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MARCH 3, 2009   

Paying bills online

Detail of email payment acknowledgement from ChaseFor someone who spends as much time online as I do, I'm reluctant to pay bills that way. Doesn't make a lot of sense, I know, but for the most part I still write checks at the end of every month. Actually, I don't write the checks, I print them from my computer using Quicken, a piece of software that's made my life so much easier I can't imagine going back to the old way.

I'm one of those people who wants the checkbook to balance every month, and I remember spending hours and hours working backward through the check register to find a mistake. I used to dread the day that the bank statement arrived. Now it's just another little chore to be done. Balancing and reconciling the checkbook with Quicken is almost painless. Quicken is also my friend when it's time to pay bills, automatically filling in all the information on the check. All I need to do is enter an amount, print them, and sign them.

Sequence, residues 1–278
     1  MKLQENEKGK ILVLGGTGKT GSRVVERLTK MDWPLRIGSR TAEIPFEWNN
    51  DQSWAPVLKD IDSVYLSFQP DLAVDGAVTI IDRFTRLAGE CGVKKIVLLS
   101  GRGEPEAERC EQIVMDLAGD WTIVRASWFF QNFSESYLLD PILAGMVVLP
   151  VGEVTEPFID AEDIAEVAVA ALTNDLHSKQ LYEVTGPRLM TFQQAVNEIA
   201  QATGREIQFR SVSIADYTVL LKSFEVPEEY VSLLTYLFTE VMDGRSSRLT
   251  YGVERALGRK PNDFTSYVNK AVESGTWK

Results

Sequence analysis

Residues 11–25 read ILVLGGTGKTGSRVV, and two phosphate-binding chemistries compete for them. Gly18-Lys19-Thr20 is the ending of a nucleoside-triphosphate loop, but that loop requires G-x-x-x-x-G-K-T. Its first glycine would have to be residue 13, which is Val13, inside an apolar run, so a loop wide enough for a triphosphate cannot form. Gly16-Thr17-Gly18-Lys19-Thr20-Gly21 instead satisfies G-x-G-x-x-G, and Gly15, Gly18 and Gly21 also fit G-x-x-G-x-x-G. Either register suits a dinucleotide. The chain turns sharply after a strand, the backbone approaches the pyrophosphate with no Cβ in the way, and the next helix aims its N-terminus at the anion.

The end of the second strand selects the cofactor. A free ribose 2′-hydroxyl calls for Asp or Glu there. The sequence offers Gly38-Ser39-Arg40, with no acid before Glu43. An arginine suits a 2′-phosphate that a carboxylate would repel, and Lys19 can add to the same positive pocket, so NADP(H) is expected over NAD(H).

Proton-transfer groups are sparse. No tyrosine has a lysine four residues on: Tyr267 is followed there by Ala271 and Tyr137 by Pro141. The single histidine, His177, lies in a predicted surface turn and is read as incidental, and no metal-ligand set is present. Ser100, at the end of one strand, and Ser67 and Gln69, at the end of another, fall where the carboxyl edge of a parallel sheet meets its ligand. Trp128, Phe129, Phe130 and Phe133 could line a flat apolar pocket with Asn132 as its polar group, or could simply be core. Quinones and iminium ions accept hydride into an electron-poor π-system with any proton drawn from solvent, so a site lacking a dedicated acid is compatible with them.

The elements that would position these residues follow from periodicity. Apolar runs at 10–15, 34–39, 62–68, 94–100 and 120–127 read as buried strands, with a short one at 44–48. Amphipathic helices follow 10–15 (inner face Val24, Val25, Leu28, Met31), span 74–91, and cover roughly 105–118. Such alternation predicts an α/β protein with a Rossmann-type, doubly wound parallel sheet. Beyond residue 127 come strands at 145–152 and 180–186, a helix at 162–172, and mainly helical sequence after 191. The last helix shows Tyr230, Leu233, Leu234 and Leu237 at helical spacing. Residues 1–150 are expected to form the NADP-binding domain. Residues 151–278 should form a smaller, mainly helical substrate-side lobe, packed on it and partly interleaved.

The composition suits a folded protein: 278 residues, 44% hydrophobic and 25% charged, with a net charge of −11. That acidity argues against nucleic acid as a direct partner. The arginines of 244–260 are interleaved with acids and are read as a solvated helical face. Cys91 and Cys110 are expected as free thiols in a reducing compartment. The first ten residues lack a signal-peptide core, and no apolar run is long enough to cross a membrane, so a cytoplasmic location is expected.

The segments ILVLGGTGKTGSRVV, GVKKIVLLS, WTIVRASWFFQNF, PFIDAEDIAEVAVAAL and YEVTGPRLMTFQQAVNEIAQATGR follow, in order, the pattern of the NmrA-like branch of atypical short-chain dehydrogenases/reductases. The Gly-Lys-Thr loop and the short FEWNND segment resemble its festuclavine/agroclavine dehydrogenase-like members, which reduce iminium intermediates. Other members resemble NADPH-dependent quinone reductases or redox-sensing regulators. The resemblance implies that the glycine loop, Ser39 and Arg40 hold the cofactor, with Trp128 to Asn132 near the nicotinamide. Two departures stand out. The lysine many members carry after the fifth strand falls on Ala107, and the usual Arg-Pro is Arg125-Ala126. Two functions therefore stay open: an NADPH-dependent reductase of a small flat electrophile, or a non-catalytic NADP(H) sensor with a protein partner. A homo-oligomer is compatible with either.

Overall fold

For the past few months, though, I've been paying my credit card bills online instead of mailing a check. Two things pushed me in this direction: a huge late fee when a payment check didn't arrive before the due date, and an extra charge to pay by phone in order to avoid the huge late fee for a check that has no chance to arrive on time.

With online payments I have a record of the payment being made before the due date, and there's no extra fee, not even the cost of a postage stamp. One credit card does tack on $12 to make the payment the same day, but even that's a lot less than the late fee.

Since this is working so well for credit cards you'd think I'd switch to online payments for everything, but I have the feeling of being more in control when I put the check in an envelope, seal it and put a stamp on it. Strange.

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2009 MARCH